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Game #66: Adrian Sampson Puts A’s to Bed

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The game started late, but the A’s went to sleep early.

MLB: Game Two-Oakland Athletics at Texas Rangers Ray Carlin-USA TODAY Sports

Despite looking quite lively in Game 1 of the doubleheader, the A’s offense had nothing left to spare for the night game. Maybe it was the fact that they gave two of their best hitters the night off. Maybe they got sleepy after the long Adrian Beltre pre-game ceremony. Maybe Adrian Sampson is actually really good?

Neh. Most likely, the A’s lineup is just doing what they’ve done all season: squandering their chances against mediocre pitchers. Besides homers, the A’s rank right around the middle of the American League for the most important offensive categories. That showed tonight when all the offense they could squeeze out was a solo homer from Mark Canha.

At that point in the game — 4th inning, 1 out — the A’s were looking strong. Chris Bassitt was rolling, hits weren’t falling for the Rangers, and Canha was in Sampson’s head. Although he didn’t do his trademark bat flip, Canha took a long stare at his homer before dropping his bat slow-motion as he started his trot. This prompted Sampson to shout something at Canha and gesture toward first base, signaling that he should get moving. A bit much for a pitcher with only 19 games under his belt, but in the moment, I thought it was great for the A’s. The team’s up 1-0 and the Rangers’ starter is already having a mental breakdown. We got this in the bag.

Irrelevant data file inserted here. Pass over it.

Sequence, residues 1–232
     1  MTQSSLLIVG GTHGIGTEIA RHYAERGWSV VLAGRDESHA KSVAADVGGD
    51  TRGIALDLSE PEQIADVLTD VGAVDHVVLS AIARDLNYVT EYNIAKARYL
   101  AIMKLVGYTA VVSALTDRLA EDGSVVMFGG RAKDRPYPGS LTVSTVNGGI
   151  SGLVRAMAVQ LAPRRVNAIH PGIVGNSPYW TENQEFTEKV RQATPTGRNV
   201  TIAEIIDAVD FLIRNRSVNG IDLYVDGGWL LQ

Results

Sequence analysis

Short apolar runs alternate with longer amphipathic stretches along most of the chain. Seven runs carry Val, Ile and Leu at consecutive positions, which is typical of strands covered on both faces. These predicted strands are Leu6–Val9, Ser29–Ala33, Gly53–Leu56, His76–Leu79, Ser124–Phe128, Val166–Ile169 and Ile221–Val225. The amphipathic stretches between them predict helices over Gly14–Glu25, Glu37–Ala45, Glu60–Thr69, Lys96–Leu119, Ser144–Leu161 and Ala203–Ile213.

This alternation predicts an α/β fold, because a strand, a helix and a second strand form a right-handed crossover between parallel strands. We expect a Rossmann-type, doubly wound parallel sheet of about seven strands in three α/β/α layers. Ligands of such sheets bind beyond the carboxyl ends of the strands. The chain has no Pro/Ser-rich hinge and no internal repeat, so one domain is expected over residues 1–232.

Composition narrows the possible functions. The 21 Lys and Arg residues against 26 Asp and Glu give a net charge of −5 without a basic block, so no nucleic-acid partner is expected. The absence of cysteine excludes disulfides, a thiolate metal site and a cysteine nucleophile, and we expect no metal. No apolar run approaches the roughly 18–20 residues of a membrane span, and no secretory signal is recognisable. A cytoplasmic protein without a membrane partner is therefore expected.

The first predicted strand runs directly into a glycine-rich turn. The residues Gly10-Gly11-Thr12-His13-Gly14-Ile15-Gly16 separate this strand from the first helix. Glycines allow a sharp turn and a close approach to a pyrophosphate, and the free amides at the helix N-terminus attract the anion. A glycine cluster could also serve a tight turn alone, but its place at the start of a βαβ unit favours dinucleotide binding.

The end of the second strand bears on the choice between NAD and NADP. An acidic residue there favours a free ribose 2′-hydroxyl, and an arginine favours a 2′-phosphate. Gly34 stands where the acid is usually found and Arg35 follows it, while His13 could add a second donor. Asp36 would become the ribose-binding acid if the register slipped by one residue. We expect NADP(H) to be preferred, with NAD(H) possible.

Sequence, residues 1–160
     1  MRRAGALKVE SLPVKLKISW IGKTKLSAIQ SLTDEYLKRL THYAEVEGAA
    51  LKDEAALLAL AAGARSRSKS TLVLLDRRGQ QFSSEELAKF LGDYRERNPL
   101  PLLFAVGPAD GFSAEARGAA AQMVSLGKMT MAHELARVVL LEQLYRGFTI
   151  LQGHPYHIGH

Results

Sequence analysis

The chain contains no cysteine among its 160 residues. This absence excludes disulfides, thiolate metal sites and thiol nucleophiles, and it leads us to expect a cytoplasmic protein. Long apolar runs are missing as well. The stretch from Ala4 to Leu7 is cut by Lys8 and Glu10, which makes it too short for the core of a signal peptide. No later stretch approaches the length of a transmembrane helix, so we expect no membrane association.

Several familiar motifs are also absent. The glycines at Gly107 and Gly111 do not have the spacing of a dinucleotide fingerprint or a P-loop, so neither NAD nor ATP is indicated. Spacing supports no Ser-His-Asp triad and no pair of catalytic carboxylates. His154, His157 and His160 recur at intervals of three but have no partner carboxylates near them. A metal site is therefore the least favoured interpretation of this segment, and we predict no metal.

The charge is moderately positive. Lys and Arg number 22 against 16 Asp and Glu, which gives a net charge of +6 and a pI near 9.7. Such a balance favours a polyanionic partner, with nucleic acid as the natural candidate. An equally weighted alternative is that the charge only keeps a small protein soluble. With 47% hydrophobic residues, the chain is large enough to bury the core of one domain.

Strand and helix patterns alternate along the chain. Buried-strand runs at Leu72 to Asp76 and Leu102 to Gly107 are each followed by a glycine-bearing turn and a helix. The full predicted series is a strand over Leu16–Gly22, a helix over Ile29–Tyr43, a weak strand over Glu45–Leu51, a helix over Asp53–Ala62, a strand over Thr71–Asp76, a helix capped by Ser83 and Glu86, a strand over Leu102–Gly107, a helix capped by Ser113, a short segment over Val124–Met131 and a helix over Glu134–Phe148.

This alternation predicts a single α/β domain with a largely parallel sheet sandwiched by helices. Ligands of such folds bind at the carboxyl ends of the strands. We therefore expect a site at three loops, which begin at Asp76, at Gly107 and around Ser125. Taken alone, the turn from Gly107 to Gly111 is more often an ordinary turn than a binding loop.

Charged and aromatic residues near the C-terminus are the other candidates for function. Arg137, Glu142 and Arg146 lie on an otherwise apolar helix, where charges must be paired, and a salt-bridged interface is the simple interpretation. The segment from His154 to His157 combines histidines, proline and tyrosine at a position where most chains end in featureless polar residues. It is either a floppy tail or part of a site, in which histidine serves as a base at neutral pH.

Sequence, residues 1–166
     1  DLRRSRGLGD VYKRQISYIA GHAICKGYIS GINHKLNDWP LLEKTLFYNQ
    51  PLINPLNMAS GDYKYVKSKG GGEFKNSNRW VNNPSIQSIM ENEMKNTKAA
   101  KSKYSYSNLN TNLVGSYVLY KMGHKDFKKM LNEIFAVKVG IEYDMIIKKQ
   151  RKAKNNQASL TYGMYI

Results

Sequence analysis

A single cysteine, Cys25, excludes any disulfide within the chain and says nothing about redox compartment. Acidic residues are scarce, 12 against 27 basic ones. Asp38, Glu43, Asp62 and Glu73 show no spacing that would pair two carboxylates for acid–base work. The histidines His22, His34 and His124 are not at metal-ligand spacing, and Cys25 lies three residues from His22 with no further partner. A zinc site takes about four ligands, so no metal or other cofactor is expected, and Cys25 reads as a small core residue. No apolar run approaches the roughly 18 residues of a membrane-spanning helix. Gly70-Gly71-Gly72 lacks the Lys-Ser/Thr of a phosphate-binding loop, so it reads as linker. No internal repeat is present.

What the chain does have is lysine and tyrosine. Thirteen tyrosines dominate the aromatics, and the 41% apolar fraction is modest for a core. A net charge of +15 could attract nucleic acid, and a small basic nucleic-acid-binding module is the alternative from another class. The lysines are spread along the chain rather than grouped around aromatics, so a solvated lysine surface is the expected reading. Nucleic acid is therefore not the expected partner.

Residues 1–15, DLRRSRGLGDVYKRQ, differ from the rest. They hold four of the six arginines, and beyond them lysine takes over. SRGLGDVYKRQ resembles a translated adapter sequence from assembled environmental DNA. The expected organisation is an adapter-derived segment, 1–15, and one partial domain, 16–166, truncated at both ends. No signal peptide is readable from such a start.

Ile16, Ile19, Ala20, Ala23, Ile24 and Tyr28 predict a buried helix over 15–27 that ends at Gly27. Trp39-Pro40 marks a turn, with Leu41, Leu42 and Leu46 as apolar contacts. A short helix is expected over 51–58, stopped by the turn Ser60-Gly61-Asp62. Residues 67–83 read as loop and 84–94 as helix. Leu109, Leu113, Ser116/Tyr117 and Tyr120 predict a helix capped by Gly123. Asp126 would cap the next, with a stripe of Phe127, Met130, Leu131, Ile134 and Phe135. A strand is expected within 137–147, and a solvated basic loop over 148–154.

Boy, was I wrong. Sampson ended up with a complete game win and Canha, and seemingly the whole team, never got on base again.

On the bright side, Bassitt looked a bit better than he did in his previous three outings. Though his command was still lacking, he was getting good pitches when he needed them. In fact, the only runs scored off of him were due to a soft single following a first-to-third hit-and-run, a sacrifice fly, and a just-missed catch off the glove of Ramon Laureano. That last one hurt most as a successful catch would’ve given Bassitt the quality start and a stronger chance at a win.

Instead, Liam Hendriks had to finish the inning, with Wei-Chung Wang closing out the game. Both pitched tremendously, combining for 4 strikeouts and 0 baserunners. Hendriks looked especially nasty, throwing strike after strike to seemingly perplexed Rangers batters. And he did it with the alpha Aussie confidence that only Hendriks has.

Unfortunately, despite the bullpen giving them a chance, the A’s never got back in it and they won’t come out of this series ahead of Texas in the standings. Tomorrow, the team will look to tie it up. Tonight, they go night-night.

P.S. to A’s front office: Pick up Nick Kingham! He’s a flyball pitcher who’s a former top-100 prospect that can immediately slot into the A’s rotation. He hasn’t performed at the major league level yet, but he’s much more worthy of a chance than Aaron Brooks was. And he can probably be had for almost nothing!